International Retrovirology Association
Dr. Alfred S. Evans, a pioneer in the field of viral epidemiology, died on January 21, 1996. From his early work, which established the Epstein-Barr virus as the cause of infectious mononucleosis, to his seminal research implicating this same virus in Hodgkin's disease, Al Evans brought a clarity of thought to each issue he addressed. He influenced generations of viral epidemiologists by his illustrious teaching career and framed the approach for retroviral epidemiology.
Being a physician-researcher came naturally to Al Evans. His father, Dr. John H. Evans was one of the United States' first anesthesiologists and an early researcher in the field of oxygen therapy. Al did his undergraduate studies at the University of Michigan and received his medical degree in 1939 from the University of Buffalo. In 1944, after an internship in Pittsburgh and a residency in internal medicine at Goldwater Hospital in New York City, he was called to active duty and assigned as a public health officer in Japan. While working in Japan, he was introduced to the research being done by Dr. John Rodman Paul, a world renowned epidemiologist and decided to pursue that line of research. He received a fellowship to study with Dr. Paul at Yale and there, with his studies of infectious mononucleosis, began what was to become a remarkable career in infectious disease. During the Korean conflict, he was recalled to active duty as Chief of the Hepatitis Research Laboratory of the 98th General Hospital in Munich. In 1952, he joined the faculty of the University of Wisconsin School of Medicine as Professor and Chairman of the Department of Preventive Medicine and Director of the State Laboratory of Hygiene. During his tenure at Wisconsin, he earned a Masters degree in Public Health and established his reputation as an authority in the area of infectious disease transmission. In 1966, he returned to Yale as Professor of Epidemiology and Director of the World Health Organization Serum Reference Bank. In 1982, he was appointed the John Rodman Paul Professor of Epidemiology in Yale University's School of Medicine; at the time of his death, he was John Rodman Paul Professor Emeritus.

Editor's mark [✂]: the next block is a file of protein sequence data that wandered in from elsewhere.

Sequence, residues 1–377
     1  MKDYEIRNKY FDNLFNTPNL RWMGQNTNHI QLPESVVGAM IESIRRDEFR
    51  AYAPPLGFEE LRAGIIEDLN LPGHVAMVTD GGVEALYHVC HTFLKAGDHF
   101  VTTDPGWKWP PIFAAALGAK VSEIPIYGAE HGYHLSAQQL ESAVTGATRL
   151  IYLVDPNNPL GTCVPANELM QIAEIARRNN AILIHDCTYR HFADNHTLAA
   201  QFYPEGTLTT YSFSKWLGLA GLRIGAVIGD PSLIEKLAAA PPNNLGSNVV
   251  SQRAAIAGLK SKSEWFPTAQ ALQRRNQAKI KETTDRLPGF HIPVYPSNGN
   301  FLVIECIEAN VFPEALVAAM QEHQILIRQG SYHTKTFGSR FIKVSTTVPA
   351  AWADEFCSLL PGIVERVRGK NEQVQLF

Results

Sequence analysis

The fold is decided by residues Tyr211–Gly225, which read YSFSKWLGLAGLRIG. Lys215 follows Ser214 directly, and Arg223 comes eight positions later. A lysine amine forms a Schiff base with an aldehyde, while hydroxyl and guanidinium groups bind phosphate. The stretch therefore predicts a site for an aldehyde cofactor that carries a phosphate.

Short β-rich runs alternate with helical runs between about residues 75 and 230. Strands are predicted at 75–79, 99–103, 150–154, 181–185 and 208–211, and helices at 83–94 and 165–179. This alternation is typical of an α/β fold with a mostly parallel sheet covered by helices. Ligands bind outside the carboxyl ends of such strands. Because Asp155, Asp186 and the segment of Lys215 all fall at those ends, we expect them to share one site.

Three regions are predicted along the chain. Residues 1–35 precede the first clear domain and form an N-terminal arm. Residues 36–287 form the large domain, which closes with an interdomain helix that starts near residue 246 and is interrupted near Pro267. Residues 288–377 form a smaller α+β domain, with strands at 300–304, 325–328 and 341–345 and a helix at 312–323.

His research, publications, teaching, and administrative/organizational positions all advanced scientific knowledge of the transmission of disease by viruses—from the common cold to cancer. He authored over 230 publications, served as Editor-in-Chief of the Yale Journal of Biology and Medicine and wrote five textbooks including Viral Infections of Humans, Bacterial Infections of Humans, Methods in Observational Epidemiology, Causation and Disease: A Chronological Journey, and Symposium on Latency and Masking in Viral and Rickettsial Infections. He established the infection quarantine program for the Apollo 13 space mission, was a consultant for the United States Navy nuclear submarine programs, and served as a consultant to Surgeon General of the United States for 13 years. He was the founder and past president of the Society of Medical Consultants to the Armed Forces, president of the American College of Epidemiology and of the American Epidemiological Society. He was elected a Fellow of the American Association for the Advancement of Science and received many other awards and recognitions for his contributions to epidemiology, including the prestigious John R. Seal Award and the Abraham S. Lilienfield Award.
His capacity to bring forth clarity in proof of causation and the scintillating, wide-ranging discussions he had with many of us are special memories. For all of his brilliance, his endearing wit and humor are remembered by all of us who were his students, whether formally or informally.
Dr. Evans was an extraordinary man of science and humanity. To celebrate his life and his work, a Memorial Fund has been established in his name which will provide funding for research in epidemiology. Contributions can be sent to: Alfred S. Evans, M.D. Memorial Fund, 101 Sage Hollow, Guilford, Connecticut 06437, USA.
William A. Blattner, M.D.